Additionally, we have been conditioned to put on our best face in public, regardless of what is going on inside. This archetype was reinforced during the Soviet era. We do not air our dirty laundry in public, but proudly display our clean, shiny load in front of our balconies and windows literally and figuratively. We even pride ourselves in the way we pin the pieces next to each other on the clothesline!

So, regardless of our circumstances, we find ways to put on a front like the well choreographed parades of the Soviet government. For God’s sake, we were the first people to adopt Christianity as our state religion! Never mind that our church is void of spirituality and our God cares more about the dead than the living.

Then we boast, and when others dare to not appreciate our genius with expected enthusiasm, we resort to demeaning, deprecating commentary and are not shy about projecting our negative feelings. No one is good enough, smart enough, deserving enough as Armenians. We’re the oldest and the wisest, and therefore most deserving of respect and appreciation.

More than once I have had to counsel a distraught Armenian parent complaining about how people make fun of their perfect child because he/she does not look or act like them.

When our expectations are not met, we are wounded and insulted. This is when the daredevil gene kicks in, and we don’t hesitate to give our perceived enemy a piece of our mind, or show off a flexed muscle.

We call this taseeb (honor): a sentiment that forces an Armenian to pick up a rifle and defend his physical and psychological turf. It is the same sentiment that drives a young Armenian to defend himself from insults and aggression, real or perceived, from a person of a different ethnicity in an American high school.

These archetypes are some of the underlying factors that lead Armenian youth into conflicting situations outside their circles.

In a new and changing world, old archetypes no longer serve the needs of the people, while the new ones are constantly elusive. Coupled with the desire to belong and to fit in, this drives people to adopt clichés that are readily available in a world congested with material, ideas and attitudes. Thus, to be accepted by the out-groups, to measure up and to be competitive, they quickly adopt what is more accessible to them for putting on the “perfect face.”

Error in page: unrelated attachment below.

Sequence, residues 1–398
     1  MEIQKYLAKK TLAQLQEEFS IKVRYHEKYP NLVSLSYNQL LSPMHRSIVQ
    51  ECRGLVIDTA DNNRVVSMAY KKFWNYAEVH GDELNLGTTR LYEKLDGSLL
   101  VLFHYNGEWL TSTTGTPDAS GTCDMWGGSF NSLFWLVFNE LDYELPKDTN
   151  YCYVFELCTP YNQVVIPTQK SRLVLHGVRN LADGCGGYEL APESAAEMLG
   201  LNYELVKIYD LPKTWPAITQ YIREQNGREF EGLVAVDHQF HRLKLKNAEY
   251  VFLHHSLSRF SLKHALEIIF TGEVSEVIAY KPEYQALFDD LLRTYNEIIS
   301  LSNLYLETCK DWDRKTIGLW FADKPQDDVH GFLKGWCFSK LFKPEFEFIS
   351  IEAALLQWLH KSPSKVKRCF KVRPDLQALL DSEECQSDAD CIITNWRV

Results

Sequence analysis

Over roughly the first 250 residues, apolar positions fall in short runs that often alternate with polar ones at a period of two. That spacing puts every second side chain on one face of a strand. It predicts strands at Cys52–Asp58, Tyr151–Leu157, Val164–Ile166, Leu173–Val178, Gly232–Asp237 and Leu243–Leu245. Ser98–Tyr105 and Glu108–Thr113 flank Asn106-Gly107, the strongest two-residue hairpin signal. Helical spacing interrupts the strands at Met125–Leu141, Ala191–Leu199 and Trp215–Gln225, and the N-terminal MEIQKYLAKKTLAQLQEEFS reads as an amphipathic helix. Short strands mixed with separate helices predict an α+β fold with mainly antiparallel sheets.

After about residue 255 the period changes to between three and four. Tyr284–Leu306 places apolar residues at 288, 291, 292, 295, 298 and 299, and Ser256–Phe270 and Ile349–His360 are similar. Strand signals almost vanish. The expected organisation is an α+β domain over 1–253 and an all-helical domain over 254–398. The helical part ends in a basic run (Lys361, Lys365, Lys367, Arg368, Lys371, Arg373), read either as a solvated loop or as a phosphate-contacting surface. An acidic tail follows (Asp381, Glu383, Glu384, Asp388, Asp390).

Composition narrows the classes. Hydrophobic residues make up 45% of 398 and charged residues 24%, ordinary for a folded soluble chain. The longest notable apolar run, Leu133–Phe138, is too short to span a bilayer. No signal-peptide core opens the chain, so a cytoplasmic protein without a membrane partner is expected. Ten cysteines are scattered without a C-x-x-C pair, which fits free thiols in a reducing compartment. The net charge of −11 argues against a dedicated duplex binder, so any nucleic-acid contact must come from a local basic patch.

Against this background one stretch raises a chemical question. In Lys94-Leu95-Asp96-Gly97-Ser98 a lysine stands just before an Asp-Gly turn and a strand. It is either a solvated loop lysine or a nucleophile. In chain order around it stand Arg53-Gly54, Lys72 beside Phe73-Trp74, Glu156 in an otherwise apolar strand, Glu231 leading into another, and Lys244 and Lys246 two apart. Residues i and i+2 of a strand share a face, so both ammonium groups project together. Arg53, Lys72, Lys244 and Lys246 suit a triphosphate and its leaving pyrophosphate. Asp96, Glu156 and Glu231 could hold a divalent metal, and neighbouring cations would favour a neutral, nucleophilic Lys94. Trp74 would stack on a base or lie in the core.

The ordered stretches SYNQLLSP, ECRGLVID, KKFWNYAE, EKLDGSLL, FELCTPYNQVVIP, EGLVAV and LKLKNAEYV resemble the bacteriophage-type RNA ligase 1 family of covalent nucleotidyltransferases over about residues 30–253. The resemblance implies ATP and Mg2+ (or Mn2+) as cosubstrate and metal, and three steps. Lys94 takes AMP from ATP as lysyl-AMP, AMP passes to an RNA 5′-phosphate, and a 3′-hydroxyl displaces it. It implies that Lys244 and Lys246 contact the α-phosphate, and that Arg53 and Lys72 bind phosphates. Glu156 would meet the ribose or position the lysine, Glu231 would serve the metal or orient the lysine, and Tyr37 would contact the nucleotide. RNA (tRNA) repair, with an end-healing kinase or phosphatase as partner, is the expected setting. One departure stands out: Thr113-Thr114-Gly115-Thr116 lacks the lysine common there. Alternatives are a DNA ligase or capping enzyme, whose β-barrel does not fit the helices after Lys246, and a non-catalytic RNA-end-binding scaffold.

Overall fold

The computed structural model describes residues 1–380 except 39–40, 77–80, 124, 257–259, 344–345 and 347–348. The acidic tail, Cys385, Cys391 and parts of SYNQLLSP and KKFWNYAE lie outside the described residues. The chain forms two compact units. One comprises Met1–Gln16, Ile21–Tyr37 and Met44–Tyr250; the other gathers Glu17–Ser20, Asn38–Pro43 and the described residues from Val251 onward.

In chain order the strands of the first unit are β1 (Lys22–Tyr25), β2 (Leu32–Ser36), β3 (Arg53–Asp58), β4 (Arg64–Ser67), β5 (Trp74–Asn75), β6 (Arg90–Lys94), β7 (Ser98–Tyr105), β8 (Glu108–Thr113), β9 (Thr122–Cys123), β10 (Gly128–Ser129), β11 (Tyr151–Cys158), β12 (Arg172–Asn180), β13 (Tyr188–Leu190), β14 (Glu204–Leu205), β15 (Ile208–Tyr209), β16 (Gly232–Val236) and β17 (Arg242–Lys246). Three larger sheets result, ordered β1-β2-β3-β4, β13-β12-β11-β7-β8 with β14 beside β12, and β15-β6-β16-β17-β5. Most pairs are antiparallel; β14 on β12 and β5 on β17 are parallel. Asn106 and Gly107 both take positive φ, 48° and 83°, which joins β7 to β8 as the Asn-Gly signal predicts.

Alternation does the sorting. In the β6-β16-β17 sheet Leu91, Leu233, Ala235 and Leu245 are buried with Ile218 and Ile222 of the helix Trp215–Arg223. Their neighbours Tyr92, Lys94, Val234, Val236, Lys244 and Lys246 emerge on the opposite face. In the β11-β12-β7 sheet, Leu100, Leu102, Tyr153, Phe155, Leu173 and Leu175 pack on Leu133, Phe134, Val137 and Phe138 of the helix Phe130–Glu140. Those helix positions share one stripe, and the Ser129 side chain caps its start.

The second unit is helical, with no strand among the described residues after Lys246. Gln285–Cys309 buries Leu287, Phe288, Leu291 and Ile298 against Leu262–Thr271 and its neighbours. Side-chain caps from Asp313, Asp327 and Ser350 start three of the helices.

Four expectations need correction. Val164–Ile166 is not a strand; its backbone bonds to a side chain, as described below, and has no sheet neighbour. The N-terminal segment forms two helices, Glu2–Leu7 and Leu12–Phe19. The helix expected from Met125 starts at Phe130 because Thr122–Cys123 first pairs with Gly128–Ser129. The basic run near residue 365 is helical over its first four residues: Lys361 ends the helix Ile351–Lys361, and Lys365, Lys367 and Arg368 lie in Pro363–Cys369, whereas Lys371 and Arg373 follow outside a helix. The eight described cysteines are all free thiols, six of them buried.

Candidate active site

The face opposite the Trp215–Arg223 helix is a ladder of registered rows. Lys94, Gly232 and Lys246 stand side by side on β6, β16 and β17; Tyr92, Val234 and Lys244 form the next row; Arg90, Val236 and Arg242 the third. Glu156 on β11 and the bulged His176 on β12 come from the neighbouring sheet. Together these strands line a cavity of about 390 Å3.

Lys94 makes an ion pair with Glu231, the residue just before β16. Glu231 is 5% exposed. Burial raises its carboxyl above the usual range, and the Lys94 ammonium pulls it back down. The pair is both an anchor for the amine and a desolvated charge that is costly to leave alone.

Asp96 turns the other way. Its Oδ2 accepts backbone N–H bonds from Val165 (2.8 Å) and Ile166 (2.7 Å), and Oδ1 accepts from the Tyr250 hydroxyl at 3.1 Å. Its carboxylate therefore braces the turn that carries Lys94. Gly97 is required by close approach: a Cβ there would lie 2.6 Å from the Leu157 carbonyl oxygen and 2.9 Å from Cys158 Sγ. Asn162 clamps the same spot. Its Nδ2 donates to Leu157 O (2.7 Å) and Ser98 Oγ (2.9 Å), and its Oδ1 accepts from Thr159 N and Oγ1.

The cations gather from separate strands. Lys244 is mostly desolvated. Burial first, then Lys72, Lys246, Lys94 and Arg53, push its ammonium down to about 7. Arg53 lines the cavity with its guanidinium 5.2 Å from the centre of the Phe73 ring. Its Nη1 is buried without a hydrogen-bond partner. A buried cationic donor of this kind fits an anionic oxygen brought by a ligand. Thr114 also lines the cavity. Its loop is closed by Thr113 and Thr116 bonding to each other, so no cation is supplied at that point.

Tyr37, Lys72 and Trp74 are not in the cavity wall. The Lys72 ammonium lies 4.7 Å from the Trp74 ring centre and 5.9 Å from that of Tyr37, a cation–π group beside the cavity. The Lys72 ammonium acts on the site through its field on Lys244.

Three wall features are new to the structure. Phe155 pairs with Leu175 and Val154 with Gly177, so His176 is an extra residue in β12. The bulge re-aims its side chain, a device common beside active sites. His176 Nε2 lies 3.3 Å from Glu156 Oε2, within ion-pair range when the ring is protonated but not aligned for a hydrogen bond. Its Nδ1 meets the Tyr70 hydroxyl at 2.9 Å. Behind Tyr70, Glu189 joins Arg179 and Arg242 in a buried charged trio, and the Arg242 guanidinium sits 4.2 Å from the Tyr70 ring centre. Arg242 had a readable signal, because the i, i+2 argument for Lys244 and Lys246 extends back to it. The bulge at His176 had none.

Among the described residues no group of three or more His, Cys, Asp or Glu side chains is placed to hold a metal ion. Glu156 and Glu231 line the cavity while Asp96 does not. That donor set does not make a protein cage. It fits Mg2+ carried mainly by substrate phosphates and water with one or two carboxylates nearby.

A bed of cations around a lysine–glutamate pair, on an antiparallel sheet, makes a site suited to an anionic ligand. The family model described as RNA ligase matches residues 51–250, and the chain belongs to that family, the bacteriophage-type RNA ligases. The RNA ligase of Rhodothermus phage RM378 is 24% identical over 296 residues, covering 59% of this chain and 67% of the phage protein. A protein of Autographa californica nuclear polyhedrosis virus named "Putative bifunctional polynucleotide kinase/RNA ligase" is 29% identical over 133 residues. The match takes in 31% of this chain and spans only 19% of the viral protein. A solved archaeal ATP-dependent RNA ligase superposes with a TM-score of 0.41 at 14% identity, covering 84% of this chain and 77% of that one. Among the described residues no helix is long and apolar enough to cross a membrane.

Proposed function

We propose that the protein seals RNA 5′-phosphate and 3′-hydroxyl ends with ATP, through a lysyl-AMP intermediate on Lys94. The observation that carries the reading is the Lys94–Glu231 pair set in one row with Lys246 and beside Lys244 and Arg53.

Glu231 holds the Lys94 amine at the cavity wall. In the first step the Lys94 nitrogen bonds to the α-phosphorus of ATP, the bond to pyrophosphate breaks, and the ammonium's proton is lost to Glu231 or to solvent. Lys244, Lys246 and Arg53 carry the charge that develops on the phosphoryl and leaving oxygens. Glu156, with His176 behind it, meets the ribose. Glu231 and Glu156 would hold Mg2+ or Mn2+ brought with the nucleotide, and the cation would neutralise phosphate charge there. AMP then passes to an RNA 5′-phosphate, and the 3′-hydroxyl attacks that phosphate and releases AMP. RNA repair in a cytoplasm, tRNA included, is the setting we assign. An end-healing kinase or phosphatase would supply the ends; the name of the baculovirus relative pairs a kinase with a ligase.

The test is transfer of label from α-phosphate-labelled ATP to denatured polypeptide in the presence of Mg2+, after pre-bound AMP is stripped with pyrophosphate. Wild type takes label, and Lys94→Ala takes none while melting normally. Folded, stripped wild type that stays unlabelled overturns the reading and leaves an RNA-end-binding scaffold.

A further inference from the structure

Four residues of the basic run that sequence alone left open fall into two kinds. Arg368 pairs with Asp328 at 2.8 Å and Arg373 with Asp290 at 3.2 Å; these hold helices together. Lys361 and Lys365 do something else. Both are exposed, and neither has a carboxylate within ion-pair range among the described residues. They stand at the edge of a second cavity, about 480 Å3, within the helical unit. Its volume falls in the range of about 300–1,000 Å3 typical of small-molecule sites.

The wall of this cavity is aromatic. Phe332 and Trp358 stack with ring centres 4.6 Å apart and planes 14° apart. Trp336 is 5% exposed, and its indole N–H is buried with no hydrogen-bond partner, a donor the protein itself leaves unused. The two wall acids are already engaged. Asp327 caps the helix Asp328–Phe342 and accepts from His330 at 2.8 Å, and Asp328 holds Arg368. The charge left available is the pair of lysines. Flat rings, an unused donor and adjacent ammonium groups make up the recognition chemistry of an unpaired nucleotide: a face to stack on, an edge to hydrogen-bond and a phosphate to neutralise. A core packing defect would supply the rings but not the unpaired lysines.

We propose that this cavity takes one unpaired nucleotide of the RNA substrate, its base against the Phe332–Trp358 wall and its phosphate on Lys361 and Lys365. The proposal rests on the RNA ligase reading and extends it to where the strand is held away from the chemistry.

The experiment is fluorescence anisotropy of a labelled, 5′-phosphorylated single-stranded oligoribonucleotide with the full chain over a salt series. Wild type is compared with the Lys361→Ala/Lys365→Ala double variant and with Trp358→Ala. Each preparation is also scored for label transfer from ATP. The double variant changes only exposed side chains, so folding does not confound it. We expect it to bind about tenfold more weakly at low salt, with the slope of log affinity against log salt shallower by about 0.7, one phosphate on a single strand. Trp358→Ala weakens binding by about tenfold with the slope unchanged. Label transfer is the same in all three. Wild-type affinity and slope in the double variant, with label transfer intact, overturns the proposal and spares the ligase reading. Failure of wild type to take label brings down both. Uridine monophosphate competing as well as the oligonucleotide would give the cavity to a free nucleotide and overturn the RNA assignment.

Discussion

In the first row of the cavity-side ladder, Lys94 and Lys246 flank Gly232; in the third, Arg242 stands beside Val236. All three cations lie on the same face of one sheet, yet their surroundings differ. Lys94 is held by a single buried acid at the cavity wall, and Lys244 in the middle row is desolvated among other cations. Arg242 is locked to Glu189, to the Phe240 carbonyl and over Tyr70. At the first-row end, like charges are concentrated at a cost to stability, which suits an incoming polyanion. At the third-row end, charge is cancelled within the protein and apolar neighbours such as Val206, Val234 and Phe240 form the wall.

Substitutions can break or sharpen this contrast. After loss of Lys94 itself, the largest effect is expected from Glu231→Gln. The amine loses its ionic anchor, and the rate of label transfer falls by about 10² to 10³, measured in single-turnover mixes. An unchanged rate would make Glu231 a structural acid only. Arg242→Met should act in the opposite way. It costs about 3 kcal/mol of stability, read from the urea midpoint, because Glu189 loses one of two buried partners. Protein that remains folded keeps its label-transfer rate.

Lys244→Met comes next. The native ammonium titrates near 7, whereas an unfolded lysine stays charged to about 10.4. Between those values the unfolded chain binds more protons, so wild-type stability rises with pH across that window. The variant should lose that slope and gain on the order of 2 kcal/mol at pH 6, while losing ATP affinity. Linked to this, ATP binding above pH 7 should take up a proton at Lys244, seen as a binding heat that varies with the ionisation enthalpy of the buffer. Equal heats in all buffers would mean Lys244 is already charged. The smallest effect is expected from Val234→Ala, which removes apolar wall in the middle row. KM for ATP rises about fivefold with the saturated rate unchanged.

Designer clothing and accessories, Mercedes, BMW, Porches, attitudes and gestures we don’t quite grasp but admire, just about anything that we perceive as distinguishing and defining the out-group we are so eager to be a part of and be appreciated by, we collect. Clichés are easy to launder, polish, and pin on one’s life’s “clothes line”. Life in the new world becomes a long string of clichés.

In the absence of archetypes, reality is re-imagined, improvised like life on a theater stage, Marshall McLuhan explains. On this stage, young people are the characters of their own show, and there is nothing in the world more important than that until new archetypes take form.

The mafia or its modern day version – gangs that are a common occurrence in societies constantly in flux – is the stage where young people play out their roles. There have been Irish,   Italian, Japanese, Chinese, Vietnamese, and Mexican gangs in America prior to the Armenians.

Every wave of new arrivals, every wave of change, brings with it a new set of expectations and challenges. While families try to decipher the laws, rules, and traditions of their new environment, the young tend to gravitate towards groups that fill the need for belonging and provide a security network.

Some, more than others, in every group are willing to break rules often to their own detriment while caught between archetypes of the old world and the clichés of the new.

Marineh Khachadour is an educator, writer, researcher working in a public school in Pasadena, California.  She lived in Armenia from 1992-1998. During that time she provided educational services and resources for Armenian women and children including refugees and served as Gender in Development Expert with UNDP, Armenia from 1995-1998.

Source: HetqOriginial Article